Records of year-round snow surviving at Eldon Hole, Peak District
In the Derbyshire Peak District, situated at grid reference SK116809, there is a deep (60 metres) cleft in the ground called Eldon Hole. This pot-hole, long-dubbed the ‘fourth wonder of the Peake’ (Cotton 1683), is little-known, except to speleologists and locals. Entrance to the pot-hole cannot be achieved without the aid of specialist equipment, and as a consequence it is visited only rarely, even in summer.
With its entrance lying in a NW-SE alignment, and sitting at 420 metres above sea level, Eldon Hole is prone to collecting snow when winds blow in from a north-through-easterly direction. The nature of the pot-hole’s internal structure means that any snow blowing into its opening is relatively unimpeded until it hits the floor, resulting — given the right conditions — in very deep accumulations. Moreover, because the cave is enclosed, offering complete protection from solar radiation and strong winds, melting is reduced dramatically when snow gathers here. If the accumulations are large enough, the snow will significantly reduce the ambient temperature in the pot-hole through spring and summer through a process of radiation, thereby further slowing the melting process. This phenomenon is well-known to snow patch observers in Scotland, in locations such as on the north-east face of Ben Nevis.
Since 2010 I have produced an annual report, published in Weather, where the melt-dates of the last known snow patches in England and Wales are recorded. It was thought that the location of the final patch to melt in England varied between the Pennines, the Lake District, and the Cheviot hills. The dates, also, varied between April and June, depending on a number of factors, such as the previous winter’s precipitation total and spring average temperatures. However, recent research and subsequent discoveries have shown that both the locations and final dates of melting for some of the years 2010–2017 are incorrect.
New research showing evidence of year-round snow surviving at Eldon Hole
Two articles (Pill 1947, Anon. 1948) were unearthed during recent investigations into this feature, both of which give accounts of snow persisting right through the year in 1947 and 1948 as a result of the very snowy winter of 1946/47. In the former’s account, there is a description of the author visiting Eldon Hole in the last week of June 1947, and who was prevented from exploring its lower reaches by the presence of a ‘60/70 ft’ (18–21 metres) deep snow drift. It is clear from the latter’s account that not only did this deep snow endure to winter, but there was a sufficient quantity of it to enable persistence right through until August 1948. A caving party found that there was still some 15 feet (5 metres) of depth during a visit in this month. Cullingford (1953) reported that this snow, too, survived through to winter and beyond into 1949.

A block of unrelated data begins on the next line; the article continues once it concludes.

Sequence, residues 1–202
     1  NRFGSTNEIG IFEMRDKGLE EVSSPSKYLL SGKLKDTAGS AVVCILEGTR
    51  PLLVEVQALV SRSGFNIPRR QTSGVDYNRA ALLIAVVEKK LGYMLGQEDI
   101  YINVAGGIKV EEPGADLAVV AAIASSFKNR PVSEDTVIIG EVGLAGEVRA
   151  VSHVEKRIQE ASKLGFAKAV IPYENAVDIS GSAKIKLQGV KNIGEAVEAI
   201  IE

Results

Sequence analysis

In 2013, I was contacted by caver Dale Gray, who had to abandon a trip to Eldon Hole during the first week in May that year because snow blocked the bottom cavern, and was still present on 4 July when he returned. This event was noted in Weather (Cameron 2013). Since that account, other evidence has come to light (personal communications with the author) from cavers. Firstly, deep snow was seen in June 2010 by S. Sharp, and the same drift — much diminished but still substantial — persisted in November, five months later. It is a reasonable inference that this snow endured to the first heavy falls of the season, which came only a few weeks thereafter. This is the only recent example we have in England where snow has almost certainly persisted from one winter to the next.
Specific research on long-lying patches of snow in England was, up until recently, very fragmented. Records were not kept systematically even for accessible and highly visible locations such as Helvellyn or Sca Fell, far less Eldon Hole. However, the excellent observations from 1947–1949 — with records of surviving snow through two calendar years — and from more recently in 2010, show that survival of snow at this location from one winter to the next during at least a few of the intervening years (1950–2009) was exceedingly likely. Therefore, any subsequent investigations into the longest-lying snow in England should include Eldon Hole, as it is probable that in some years snow will be found there when all else has melted.
Anon. (1948), Snow at Eldon Hole. Cave Science — Journal and Proceedings of the British Speleological Association. Vol 1 (6), p. 201.
Cameron I. 2013. Snow patches in England and Wales during spring 2013. Weather 68, 255.
Cotton, C. (1683). The Wonders of the Peake. J Wallis, London. (Accessed via Google Books.)
Cullingford, C. (1953). British Caving: An Introduction to Speleology. Routledge & Kegan Paul.
Pill, A.L. (1947). Snow in Eldon Hole, Derbyshire. British Speleological Association Journal and Proceedings, Vol 1 (2), p.46.